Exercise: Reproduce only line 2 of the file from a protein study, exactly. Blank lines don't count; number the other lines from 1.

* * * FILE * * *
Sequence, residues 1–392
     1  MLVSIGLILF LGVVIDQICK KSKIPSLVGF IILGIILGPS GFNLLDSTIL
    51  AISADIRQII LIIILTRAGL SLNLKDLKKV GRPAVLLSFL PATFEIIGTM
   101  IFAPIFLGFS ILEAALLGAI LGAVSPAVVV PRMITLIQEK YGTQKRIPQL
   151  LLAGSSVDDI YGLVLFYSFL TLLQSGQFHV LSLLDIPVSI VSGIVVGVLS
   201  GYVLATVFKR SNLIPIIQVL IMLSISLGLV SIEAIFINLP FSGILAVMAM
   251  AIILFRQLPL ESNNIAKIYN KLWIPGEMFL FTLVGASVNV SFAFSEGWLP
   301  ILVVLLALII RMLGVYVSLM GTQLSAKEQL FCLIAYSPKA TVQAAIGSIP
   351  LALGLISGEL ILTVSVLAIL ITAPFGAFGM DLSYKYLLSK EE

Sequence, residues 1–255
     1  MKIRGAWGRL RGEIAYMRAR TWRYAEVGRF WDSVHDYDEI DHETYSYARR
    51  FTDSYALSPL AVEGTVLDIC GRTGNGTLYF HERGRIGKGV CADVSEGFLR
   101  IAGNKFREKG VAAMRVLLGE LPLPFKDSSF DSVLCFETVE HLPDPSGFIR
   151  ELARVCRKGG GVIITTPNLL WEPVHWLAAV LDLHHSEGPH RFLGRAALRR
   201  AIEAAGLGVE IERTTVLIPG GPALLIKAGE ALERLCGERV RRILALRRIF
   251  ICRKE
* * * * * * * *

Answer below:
     1  MLVSIGLILF LGVVIDQICK KSKIPSLVGF IILGIILGPS GFNLLDSTIL